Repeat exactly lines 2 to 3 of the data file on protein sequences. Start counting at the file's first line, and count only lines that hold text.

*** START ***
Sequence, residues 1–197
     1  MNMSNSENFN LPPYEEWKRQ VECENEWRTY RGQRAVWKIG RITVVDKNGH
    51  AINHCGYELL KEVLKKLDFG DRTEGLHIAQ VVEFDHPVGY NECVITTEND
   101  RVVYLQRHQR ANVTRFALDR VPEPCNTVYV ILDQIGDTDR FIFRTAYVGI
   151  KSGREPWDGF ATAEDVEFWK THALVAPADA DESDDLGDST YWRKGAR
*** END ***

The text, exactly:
     1  MNMSNSENFN LPPYEEWKRQ VECENEWRTY RGQRAVWKIG RITVVDKNGH
    51  AINHCGYELL KEVLKKLDFG DRTEGLHIAQ VVEFDHPVGY NECVITTEND